He emphasized that his methods are subjective. “It’s like painting to me. I associate certain colors with certain feelings and I try to create the right feeling. If I want a certain feeling, I’m not gonna choose reds or dark purples. If I want another feeling, I’ll pick lighter purples.”
This year, Pendleton will create floral arrangements for the wedding of a young man he mentored seven years ago, when he worked for the GRIP Outreach for Youth nonprofit, and with whom he has since kept in touch.
Pendleton’s other public installations include floral homages to Mayor Harold Washington and Breonna Taylor. For the latter’s installation, he wove a wreath of goldenrod (the state flower of Taylor’s native Kentucky) into the shape of an Adinkra, a type of Ghanaian symbol, and placed it in Gwendolyn Brooks Park in Kenwood.
There are very few Black men in the floral industry, said Pendleton, and other florists are sometimes surprised to see him doing the work.
“I know a lot of florists, I follow a lot of florists. I can name three other florists under the age of 40 who are black men,” he said. “It’s a white woman activity, even white guys aren’t encouraged to play with flowers. When I’m in the flower market, there will be a little old white woman who will be like, ‘oh my gosh, that’s a great selection’ in a surprised tone. And it’s like, ‘Yeah, we’re here for the same reason lady.’ ”
But the industry’s lily-white gentility may be an asset when Pendleton is putting up public installations, which could otherwise arouse greater suspicion from the law.
“We were out on King Drive at 5 a.m. putting flowers up,” Pendleton said. “But in public spaces, it looks like you were hired to do that. Police passed by all morning. No one thinks ‘Oh they don’t have clearance to put up flowers.’ ”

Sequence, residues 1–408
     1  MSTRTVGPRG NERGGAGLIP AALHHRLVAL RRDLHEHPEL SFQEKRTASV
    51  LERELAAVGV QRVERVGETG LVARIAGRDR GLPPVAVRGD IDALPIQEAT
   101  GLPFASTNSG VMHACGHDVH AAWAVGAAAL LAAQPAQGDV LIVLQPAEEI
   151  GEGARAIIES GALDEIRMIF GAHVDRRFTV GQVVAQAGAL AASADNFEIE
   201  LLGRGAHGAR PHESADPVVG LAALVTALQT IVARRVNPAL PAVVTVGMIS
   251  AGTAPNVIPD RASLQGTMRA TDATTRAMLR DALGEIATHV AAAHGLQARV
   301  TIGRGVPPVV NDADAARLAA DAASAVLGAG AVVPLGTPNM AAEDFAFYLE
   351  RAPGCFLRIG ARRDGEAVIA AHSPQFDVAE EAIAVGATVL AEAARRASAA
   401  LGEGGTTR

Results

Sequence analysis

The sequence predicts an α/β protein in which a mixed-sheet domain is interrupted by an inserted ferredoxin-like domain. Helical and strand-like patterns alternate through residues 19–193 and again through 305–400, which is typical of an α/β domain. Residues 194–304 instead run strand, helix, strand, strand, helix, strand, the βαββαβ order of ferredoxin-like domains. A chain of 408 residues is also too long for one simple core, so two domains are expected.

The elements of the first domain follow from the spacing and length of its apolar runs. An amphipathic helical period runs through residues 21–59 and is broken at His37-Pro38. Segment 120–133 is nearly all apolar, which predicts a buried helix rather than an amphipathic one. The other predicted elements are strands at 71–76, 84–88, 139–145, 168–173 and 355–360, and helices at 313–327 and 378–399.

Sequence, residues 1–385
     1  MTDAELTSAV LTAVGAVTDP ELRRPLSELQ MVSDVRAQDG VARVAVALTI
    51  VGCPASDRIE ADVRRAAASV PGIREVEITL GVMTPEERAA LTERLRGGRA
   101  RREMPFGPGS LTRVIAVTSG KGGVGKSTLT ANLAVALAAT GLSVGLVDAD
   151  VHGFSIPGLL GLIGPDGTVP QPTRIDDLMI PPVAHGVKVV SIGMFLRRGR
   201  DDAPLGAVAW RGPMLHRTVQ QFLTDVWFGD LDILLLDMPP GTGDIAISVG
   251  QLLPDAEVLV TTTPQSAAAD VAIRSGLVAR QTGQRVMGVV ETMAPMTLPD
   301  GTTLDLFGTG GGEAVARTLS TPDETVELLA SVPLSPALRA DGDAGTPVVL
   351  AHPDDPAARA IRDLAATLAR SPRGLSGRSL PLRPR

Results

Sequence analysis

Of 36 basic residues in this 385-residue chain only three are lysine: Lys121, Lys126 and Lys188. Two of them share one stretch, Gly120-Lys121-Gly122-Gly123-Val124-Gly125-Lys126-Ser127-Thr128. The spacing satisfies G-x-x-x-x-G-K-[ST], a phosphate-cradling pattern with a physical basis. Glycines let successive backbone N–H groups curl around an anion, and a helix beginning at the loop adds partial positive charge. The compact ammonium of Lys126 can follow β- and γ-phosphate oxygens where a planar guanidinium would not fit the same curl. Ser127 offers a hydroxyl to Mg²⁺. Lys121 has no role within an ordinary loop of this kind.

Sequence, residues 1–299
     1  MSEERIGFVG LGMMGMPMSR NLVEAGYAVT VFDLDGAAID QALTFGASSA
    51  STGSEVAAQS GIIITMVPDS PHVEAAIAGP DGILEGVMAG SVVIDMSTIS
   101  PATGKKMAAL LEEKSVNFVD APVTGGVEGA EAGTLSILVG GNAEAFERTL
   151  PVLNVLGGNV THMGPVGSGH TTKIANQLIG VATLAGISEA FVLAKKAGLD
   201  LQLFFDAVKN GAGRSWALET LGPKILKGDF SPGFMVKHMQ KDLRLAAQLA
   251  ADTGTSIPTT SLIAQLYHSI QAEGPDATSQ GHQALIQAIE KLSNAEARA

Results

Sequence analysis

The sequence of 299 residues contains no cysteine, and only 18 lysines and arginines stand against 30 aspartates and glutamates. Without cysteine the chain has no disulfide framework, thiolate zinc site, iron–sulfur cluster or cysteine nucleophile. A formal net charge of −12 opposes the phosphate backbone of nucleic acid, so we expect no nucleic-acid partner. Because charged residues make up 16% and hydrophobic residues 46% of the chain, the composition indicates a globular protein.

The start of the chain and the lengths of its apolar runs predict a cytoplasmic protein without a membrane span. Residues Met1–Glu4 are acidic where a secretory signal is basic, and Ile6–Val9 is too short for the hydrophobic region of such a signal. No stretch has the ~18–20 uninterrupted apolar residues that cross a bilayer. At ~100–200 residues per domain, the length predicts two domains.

Pendleton said that the streets and sanitation superintendent of the Fourth Ward had even complimented him on his installation at the Monument to the Great Northern Migration, encouraging him to coordinate with Ald. Sophia King on other installations. Pendleton said he has met with King and hopes to gain approval for future projects.
Still, Pendleton found some lines can’t be crossed in Chicago. When he arranged flowers around Harold Washington’s statue outside the Harold Washington Cultural Center, 4701 S. Martin Luther King Drive, the installation was removed almost immediately.
Pendleton said, “I told this older Black man I was putting flowers on the statue and he just said, ‘Oh you put flowers on Harold’s statue without permission? That’s like putting flowers on a statue of Jesus. I don’t care how good it looks, you gotta get permission before you do that.’ ”
As for the future, Pendleton hopes to expand his business and to create public installations at Black historical sites throughout the U.S.
Pendleton said, “I don’t want to have a retail space. I’m just gonna keep working on my studio. I want to get to the point where I can employ more young Black people, especially young Black men. And I want to do more installations. I want to go to places like the grocery store where Emmett Till would go, and do a huge installation. I want to go to the 16th Street Baptist Church. I want to do a floral tour of all these historical places.”
Pendleton then checked himself: "But right now it’s just like, 'John, get your business handled, make sure everyone gets paid.' "